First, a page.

Wednesday, September 25, 2013

Is the Radar Gun in Japan "Cold"?

In my article on Masahiro Tanaka, I speculated that Tanaka could see an average fastball velocity increase in the Majors because of some slow pitches that were tagged as fastballs by Yahoo!. The point was that the MLBAM tags seem to be superior to Yahoo! tags, so the fastball wouldn't actually be better, it would just look harder thanks to better labels, even if it is a slight increase. However, I have had a couple of readers on Twitter argue that pitchers who go from the NPB to the Majors have an increase in fastballs for whatever reason, unrelated to Yahoo's taggings. With Patrick Newman getting his NPB pitch data back online, this is something we can test. The data starts in 2009 and (currently) ends at 2012, so I looked through the player index, and looked for pitchers that pitched in the Majors as well as the NPB. I then removed every player that didn't play in the Majors and the NPB in consecutive years, because if there is a gap in years, then of course there will be drastic velocity changes. I only inputted the fastball velocities of the consecutive years. To use Yu Darvish as an example, I used just his 2011 NPB fastball velocity and just his 2012 MLB fastball velocity (there were a few pitchers that pitched in the MLB, then Japan, then the MLB again. For those pitchers, I used the first year of the second stint of the MLB as the velocity, along with the last year of the NPB stint). For the MLB velocity, I just used FanGraphs' Pitch F/X section for ease. I got 44 pitchers in my sample, not a large one, but one that should at least give us an idea of whether or not the hypothesis is correct.

The pitchers' average fastball velocity in the NPB was 89.04 MPH, while their average velocity was 91.22 MPH in the Majors, a gigantic 2.18 MPH difference. Of course, it isn't that easy. Many times, pitchers that were used as fringe relievers in the MLB were/are signed to NPB teams to be used as starters. If a pitcher pitches in relief in the Majors, and then as a starter in the NPB, then their average fastball velocity will be artificially down in Japan. For instance, in the Majors, the average velocity for starters is 91.4 MPH in 2013, and 92.9 MPH for relievers. This doesn't make up the whole difference, but it does possibly explain at least some of this. So I looked at the 44 pitchers again, and noted whether or not they changed from a starter to reliever or vise versa (if the majority of their outings were as a starter, I considered them a starter, etc.). Only 19 of them actually had role changes, with the other 25 staying the same.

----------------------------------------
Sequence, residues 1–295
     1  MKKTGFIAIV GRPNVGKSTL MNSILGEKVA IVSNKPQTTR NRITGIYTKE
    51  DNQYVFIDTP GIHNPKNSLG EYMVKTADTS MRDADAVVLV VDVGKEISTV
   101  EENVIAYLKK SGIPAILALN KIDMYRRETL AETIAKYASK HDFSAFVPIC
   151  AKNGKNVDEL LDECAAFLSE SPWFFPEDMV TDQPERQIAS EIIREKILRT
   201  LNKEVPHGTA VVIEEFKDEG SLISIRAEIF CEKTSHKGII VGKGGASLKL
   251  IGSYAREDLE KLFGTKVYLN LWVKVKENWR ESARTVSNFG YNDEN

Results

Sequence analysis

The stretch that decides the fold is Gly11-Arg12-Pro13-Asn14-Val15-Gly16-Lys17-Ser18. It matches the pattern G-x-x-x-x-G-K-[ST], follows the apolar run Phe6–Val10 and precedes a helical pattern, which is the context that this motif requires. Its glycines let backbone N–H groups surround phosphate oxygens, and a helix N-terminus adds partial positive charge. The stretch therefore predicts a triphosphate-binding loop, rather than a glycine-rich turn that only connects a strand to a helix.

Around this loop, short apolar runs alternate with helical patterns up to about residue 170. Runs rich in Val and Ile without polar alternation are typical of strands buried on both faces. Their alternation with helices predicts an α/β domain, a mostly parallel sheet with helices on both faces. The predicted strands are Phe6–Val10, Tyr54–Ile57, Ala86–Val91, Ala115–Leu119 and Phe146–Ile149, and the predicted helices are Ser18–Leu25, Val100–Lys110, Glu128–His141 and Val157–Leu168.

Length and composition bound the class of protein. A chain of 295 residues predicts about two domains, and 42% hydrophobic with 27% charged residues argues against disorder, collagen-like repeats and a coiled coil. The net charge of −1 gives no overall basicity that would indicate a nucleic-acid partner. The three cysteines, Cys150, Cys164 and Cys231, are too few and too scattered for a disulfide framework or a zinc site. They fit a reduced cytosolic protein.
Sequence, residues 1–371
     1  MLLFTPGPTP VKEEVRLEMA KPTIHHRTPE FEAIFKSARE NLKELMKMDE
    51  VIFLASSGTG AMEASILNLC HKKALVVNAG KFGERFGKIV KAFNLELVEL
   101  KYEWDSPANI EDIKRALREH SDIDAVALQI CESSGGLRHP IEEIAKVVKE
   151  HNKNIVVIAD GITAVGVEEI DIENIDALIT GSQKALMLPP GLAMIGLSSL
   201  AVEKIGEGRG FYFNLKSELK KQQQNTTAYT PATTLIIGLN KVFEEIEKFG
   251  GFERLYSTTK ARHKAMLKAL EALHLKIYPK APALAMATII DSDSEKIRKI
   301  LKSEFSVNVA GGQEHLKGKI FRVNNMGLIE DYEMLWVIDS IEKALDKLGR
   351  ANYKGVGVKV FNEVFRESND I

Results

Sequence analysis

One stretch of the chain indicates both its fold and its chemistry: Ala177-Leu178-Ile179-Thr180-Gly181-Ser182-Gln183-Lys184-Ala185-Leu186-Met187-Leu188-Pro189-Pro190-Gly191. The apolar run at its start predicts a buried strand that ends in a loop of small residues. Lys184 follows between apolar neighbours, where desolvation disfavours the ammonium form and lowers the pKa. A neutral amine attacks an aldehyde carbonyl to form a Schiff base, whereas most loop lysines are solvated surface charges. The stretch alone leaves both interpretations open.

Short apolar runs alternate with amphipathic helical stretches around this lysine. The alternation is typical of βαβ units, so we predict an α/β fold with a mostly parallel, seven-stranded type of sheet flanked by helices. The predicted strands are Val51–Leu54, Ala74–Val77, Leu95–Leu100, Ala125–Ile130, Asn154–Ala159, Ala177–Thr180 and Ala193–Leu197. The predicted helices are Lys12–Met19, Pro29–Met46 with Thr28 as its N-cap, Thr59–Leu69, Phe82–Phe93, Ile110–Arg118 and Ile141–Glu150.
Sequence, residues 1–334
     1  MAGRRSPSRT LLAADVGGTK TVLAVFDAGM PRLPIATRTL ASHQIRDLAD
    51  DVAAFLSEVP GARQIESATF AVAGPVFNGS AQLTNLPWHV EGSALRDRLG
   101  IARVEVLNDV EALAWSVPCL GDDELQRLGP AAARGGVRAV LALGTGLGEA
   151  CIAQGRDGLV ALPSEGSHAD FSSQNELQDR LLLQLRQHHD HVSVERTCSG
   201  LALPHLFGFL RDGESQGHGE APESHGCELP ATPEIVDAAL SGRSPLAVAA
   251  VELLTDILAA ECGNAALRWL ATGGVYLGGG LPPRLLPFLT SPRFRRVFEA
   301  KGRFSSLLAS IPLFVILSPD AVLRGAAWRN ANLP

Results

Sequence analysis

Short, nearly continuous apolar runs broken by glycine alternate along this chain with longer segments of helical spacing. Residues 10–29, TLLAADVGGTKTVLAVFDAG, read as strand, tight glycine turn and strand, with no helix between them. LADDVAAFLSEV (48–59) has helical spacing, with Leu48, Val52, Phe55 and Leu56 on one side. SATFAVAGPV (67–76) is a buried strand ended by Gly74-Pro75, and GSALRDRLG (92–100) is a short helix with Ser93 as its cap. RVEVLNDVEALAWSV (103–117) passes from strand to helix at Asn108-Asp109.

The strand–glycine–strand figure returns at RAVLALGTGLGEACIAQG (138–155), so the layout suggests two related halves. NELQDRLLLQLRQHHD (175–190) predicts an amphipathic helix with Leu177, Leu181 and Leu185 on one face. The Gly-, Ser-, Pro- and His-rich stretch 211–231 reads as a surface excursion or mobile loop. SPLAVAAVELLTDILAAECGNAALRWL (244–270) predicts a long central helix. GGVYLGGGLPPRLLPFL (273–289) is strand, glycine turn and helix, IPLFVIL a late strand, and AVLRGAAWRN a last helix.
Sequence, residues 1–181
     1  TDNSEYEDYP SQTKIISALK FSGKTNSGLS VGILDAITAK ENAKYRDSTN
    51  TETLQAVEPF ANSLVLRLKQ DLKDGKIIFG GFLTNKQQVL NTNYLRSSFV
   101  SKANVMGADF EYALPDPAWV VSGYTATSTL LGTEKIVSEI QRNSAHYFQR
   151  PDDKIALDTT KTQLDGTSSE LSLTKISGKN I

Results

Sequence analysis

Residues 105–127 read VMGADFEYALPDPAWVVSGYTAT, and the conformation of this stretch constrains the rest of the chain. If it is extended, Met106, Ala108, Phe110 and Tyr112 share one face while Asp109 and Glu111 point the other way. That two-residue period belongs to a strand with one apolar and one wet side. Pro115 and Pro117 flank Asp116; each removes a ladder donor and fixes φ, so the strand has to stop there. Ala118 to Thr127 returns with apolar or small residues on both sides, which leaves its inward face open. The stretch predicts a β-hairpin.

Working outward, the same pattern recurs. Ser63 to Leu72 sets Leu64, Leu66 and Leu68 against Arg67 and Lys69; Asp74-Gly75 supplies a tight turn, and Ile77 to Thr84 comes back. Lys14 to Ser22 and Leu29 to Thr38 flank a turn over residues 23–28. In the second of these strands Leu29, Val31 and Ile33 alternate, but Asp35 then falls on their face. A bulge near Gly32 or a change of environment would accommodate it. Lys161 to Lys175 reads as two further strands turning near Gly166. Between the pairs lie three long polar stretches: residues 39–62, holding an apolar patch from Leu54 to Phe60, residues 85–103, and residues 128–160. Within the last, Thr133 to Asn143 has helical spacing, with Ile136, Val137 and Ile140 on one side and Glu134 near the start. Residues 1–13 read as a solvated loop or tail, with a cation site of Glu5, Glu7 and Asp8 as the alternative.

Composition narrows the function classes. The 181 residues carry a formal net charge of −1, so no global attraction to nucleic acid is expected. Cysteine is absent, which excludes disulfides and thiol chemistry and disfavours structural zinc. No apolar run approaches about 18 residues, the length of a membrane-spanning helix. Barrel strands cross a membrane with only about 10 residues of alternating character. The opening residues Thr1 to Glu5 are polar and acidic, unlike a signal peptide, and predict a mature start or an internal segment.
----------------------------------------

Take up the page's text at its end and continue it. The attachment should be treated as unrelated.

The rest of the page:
Out of the 25 that stayed in the same role, their average NPB velocity was 90.02, while their average MLB velocity was 91.66 MPH. So there still seems to be a difference of about 1.5 MPH in velocity between the NPB and the Majors. The actual reason for this is unclear, and any theories put forth by me would all be speculation. Also, I should note that I didn't look at 2013 data, so there is always the chance that this has changed in someway, but for now, it appears that Yahoo's radar gun readings for the NPB are about 1.5 MPH slow compared to those of MLBAM's 50 foot release point designation.

There should be some caution exercised however, with a sample size this small, because there could be other factors driving the velocity changes. For example, two of the biggest velocity climbers from the NPB to the Majors were Hisashi Iwakuma and Chang-yong Lim, whose velocity increases could be explained, at least partially, from better health in the Majors (Iwakuma has batted shoulder problems in his career and was scarcely used in the first half of the season with Seattle, only to emerge in the rotation in the second half, Lim had Tommy John surgery in 2012, and his 2013 season is him coming off that. These injuries could have slowed down their fastballs in their last year of the NPB, while the MLB version of the pitcher is the healthy version). Pitchers like Yoshinori Tateyama, Colby Lewis and Yu Darvish actually saw a small decrease in velocity from the NPB to the Majors (all of them going to Texas), and Kam Mickolio has actually gained about a MPH in Japan after leaving the Majors.

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